Though Washington is ranked by WalletHub as having the best state economy in the nation, often lost in the mix is the growing inequity between the rural and urban development. According to Headwaters Economics, 74 percent of all new jobs have appeared in just five of Washington’s 39 counties since 2001, including King, Snohomish and Pierce. Meanwhile, counties such as Grays Harbor have lost hundreds of jobs in the same timeframe.
To rectify this, state senators have proposed a variety of bills to boost rural economic development, including a job tax credit and rural development and opportunity zone funds. Those proposals were well received during a Jan. 24 public hearing of the Senate Financial Institutions, Economic Development & Trade Committee. However, some testifiers stressed the need for long-term solutions to address the regional inequity.
Aside from helping rural communities, SB 5215 is also intended to send a message to businesses still wary after the Seattle City Council passed, then hastily overturned, a $275 job tax. Sponsored by Sen. Steve O’Ban (R-28), the bill would offer a $275 business and occupation (B&O) tax credit for employers that hire a permanent, full-time employee whose pay is higher than the annual average for that county. The tax credit would only be available in counties with unemployment rates 25 percent higher than the seasonally-adjusted state unemployment rate.
At the public hearing, O’Ban told panel members that “passing a bill like this would send a message from the legislature that we do want jobs. We want to encourage job creation – we especially want to encourage job creation in those parts of our state that have not enjoyed the economic gains that Seattle and King County have.”
Meanwhile, SB 5589 sponsored by Senate Republican Leader Mark Schoesler (R-9) would take a separate approach by outright banning local job tax ordinances. The bill has been referred to the Local Government Committee but has not yet been scheduled for a public hearing.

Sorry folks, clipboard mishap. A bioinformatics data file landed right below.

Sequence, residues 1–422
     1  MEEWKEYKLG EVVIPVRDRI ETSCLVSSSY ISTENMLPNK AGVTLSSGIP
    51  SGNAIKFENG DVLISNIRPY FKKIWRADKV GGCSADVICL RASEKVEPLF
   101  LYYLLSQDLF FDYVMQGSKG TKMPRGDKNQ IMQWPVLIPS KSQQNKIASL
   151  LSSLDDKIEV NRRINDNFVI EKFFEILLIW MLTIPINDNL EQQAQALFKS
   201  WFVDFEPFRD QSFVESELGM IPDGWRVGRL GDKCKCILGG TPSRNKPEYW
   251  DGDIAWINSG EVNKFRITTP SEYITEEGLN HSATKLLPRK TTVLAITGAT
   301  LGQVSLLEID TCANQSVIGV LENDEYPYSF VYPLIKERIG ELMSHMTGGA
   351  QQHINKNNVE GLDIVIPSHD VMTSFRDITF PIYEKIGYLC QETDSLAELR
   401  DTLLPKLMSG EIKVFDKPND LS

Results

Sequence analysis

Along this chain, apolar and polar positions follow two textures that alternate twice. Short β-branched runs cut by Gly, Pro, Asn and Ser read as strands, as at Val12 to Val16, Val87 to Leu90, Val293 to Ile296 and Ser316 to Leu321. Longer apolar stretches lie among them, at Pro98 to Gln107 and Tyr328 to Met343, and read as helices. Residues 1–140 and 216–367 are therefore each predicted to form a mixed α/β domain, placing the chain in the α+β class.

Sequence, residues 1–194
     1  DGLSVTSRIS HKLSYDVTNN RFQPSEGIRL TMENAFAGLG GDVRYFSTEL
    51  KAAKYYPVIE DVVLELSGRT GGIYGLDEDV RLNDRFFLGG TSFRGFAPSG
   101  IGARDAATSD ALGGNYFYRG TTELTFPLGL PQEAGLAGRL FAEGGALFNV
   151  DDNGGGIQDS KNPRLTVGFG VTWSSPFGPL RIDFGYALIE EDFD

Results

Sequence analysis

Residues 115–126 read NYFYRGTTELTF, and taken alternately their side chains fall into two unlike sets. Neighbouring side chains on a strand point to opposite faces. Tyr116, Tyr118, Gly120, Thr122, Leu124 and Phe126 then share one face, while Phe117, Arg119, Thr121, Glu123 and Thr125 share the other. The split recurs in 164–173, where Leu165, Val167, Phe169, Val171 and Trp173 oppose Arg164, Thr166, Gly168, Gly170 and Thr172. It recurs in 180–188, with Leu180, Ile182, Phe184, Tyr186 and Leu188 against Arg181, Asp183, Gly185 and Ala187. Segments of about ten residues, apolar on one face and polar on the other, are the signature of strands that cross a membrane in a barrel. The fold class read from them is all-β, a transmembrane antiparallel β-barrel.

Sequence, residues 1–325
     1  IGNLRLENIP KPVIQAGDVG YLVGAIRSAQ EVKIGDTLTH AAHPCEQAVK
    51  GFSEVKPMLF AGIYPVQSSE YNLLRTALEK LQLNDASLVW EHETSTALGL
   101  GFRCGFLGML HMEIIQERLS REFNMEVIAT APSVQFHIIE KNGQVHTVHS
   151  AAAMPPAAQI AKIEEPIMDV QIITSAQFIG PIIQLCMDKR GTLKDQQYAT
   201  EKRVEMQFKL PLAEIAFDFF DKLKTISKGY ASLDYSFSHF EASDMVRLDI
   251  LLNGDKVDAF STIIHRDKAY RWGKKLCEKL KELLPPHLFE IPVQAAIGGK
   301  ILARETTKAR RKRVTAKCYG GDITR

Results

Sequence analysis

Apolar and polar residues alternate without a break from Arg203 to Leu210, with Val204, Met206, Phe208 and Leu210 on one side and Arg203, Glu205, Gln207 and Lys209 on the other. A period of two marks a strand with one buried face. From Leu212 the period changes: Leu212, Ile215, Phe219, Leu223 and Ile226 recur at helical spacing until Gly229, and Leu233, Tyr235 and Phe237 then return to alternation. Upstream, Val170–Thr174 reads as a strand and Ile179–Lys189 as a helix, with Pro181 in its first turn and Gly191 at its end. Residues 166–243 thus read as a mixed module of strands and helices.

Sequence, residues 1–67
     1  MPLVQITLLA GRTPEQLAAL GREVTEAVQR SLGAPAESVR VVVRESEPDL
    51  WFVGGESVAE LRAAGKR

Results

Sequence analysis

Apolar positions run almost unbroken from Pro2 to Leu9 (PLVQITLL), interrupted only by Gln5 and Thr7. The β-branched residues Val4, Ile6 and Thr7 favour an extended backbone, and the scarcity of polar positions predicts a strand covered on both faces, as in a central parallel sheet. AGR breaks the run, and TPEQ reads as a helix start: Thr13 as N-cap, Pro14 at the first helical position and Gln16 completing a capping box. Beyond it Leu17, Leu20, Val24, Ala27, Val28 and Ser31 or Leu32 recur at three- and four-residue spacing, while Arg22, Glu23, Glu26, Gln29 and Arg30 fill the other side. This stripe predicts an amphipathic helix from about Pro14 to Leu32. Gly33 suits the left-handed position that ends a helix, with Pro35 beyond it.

While any fiscal costs to the state under SB 5215 haven’t been determined, O’Ban argued that “it’s not going to cost the state anything. If an employer in a distressed area of our state creates a job and receives this modest tax credit, it’s going to create a job that has a multiplier effect. We have to be thinking of smart ways to incentive job creation. We create more jobs like this, we’re going to create more revenue.”
A similar outcome is the objective for SB 5423, sponsored by Sen. Guy Palumbo (D-1) and cosponsored by 13 Republicans and Democrats. The bill encourages job growth by creating rural development and opportunity zone funds. Investments into those funds would be eligible for insurance premium tax credits or the B&O tax. As written, 30 out of 39 counties would be considered a qualified area for the tax credit. The bill would also extend a B&O tax rate reduction for timber activities initially passed in 2007 and set to expire in 2024 for another 32 years.
Palumbo told the committee that “in this case I think it’s really, really targeted, and this is the way tax preferences should be written. Theoretically this should not cost anything over the course of this exemption. I think it is really the way we should model all tax exemptions.”
Steve Gano with Advance Capital told panel members that “part of the challenge of economic development in rural areas is access to capital,” something the bill would help rectify.
He added that under the bill’s provisions, businesses they invest in have to generate as much tax revenue as they’ve received in tax credits. If not, “we have to write a check.”
The bill is also supported by Greater Grays Harbor Inc. CEO Dru Garson, who told panel members it would “really help business to expand in underserved areas throughout the state.” He added that while Grays Harbor “has made some great strides” economically, it “still has a long way to go.”
Offering a more nuanced opinion was Patrick Connor, Washington state director for the National Federation of Independent Business (NFIB). Testifying on both SB 5125 and SB 5423, he told the committee “small business are growing more and more weary of having to come back and ask for special treatment in some areas or changes to the tax code, putting more loopholes if you will in a system that is already riddled with far too many holes.”
He added that they should consider “whether the solution being proposed actually resolves the problem or simply a band-aid that helps to mask a deeper flaw in our system. We would argue that far too many public policy decisions affecting the cost of labor as well as the tax burden and the disparities and regressiveness of our system are largely responsible for some of the problems with economic growth in many parts of our state.”
No further action is scheduled for either bill at this time.